Researchers with the Energy Biosciences Institute (EBI), a partnership that includes Berkeley Lab and the University of California (UC) Berkeley, have introduced new metabolic pathways from the fungus Neurospora crassa into the yeast Saccharomyces cerevisiae to increase the fermentative production of fuels and other chemicals from biomass. An open access paper on the work is publised in the journal eLife.
While S. cerevisiae is the industry mainstay for fermenting sugar from cornstarch and sugarcane into ethanol, it requires substantial engineering to ferment sugars derived from plant cell walls such as cellobiose and xylose. The new metabolic pathways enable the yeast to ferment sugars from both cellulose (glucose) and hemicellulose (xylose)—the two major families of sugar found in the plant cell wall—efficiently, without the need of environmentally harsh pre-treatments or expensive enzyme cocktails.
Researchers identify peptide to bind LMNO to improve power and performance of cathodes in Li-ion batteries
February 12, 2015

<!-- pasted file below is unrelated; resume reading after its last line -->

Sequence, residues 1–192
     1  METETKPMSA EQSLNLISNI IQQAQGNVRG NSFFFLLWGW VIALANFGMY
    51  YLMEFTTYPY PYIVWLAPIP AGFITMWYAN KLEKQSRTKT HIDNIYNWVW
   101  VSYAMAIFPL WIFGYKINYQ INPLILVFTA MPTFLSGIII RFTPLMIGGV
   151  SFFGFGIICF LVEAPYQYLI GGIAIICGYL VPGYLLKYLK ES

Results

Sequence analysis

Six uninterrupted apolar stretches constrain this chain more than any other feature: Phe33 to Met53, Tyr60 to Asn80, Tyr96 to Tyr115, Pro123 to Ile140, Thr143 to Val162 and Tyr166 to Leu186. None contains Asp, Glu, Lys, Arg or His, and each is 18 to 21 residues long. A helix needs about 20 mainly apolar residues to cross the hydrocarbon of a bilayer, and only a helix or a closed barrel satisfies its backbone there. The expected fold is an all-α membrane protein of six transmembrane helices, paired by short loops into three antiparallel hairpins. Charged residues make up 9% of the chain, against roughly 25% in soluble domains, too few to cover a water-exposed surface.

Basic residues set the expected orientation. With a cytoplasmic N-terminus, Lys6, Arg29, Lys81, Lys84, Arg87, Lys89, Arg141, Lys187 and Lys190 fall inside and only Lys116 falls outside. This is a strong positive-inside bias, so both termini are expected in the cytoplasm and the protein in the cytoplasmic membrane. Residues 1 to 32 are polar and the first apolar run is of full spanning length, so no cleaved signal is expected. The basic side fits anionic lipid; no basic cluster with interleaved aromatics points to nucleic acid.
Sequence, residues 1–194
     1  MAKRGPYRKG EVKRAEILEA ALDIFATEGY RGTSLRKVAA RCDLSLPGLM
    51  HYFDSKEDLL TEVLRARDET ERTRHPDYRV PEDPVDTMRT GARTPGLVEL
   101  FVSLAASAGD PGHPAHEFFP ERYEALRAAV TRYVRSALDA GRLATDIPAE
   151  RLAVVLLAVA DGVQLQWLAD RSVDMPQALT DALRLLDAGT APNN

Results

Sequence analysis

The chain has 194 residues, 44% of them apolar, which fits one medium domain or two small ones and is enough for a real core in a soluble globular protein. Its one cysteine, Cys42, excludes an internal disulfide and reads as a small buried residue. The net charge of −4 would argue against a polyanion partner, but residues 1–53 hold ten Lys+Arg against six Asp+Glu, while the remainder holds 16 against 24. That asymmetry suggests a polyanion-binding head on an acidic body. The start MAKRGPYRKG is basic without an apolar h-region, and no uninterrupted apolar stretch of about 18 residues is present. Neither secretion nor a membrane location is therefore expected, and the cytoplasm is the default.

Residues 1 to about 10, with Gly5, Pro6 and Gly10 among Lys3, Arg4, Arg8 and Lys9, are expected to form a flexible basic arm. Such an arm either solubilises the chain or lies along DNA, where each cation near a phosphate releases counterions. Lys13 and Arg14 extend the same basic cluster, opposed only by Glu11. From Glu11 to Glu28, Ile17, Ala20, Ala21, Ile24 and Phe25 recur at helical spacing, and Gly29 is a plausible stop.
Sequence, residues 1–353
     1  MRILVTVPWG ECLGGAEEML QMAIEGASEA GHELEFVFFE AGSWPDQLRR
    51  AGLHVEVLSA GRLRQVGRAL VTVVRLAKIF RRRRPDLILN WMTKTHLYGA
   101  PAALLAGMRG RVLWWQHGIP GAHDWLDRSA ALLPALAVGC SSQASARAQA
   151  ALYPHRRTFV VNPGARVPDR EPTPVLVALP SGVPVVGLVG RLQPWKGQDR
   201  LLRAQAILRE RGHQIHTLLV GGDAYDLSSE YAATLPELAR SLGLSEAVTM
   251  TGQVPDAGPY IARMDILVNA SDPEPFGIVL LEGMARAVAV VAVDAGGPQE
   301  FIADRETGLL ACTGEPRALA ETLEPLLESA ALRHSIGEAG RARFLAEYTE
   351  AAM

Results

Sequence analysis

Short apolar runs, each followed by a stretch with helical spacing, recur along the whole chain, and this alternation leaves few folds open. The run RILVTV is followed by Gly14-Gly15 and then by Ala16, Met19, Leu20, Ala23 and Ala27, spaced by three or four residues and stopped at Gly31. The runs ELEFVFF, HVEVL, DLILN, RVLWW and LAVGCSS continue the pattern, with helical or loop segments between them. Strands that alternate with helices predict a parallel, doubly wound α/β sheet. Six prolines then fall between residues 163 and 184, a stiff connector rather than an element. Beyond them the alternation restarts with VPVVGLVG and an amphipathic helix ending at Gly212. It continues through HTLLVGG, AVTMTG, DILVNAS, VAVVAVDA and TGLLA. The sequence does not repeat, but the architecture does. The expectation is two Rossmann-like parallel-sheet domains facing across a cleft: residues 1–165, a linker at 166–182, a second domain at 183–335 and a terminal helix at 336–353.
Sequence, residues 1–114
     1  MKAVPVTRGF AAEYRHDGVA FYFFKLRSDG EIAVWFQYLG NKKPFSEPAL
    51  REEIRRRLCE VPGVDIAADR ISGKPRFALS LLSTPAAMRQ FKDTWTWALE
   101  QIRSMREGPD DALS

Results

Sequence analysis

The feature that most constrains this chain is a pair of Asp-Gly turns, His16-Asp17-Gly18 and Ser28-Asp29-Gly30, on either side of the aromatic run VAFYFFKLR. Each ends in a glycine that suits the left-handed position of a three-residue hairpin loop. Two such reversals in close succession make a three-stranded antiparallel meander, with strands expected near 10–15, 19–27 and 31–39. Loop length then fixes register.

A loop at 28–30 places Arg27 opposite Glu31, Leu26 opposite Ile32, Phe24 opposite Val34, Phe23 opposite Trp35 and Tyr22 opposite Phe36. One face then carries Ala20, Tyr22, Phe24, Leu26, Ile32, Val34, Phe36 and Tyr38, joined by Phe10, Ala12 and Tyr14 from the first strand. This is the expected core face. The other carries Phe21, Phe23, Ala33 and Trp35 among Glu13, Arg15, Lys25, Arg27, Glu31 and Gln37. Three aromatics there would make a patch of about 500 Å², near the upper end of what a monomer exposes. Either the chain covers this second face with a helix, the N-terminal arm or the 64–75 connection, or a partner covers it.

Researchers at the University of Maryland, Baltimore County (UMBC) have isolated a peptide, a type of biological molecule, which binds strongly to lithium manganese nickel oxide (LMNO), a material that can be used to make the cathode in high-performance Li-ion batteries. The peptide can latch onto nanosized particles of LMNO and connect them to conductive components of a battery electrode, improving the potential power and stability of the electrode.
The researchers presented their results at the 59th annual meeting of the Biophysical Society, held 7-11 Feb.in Baltimore, Maryland.
Engineered yeast produces ethanol from three important cellulosic biomass components simultaneously; higher yields, lower cost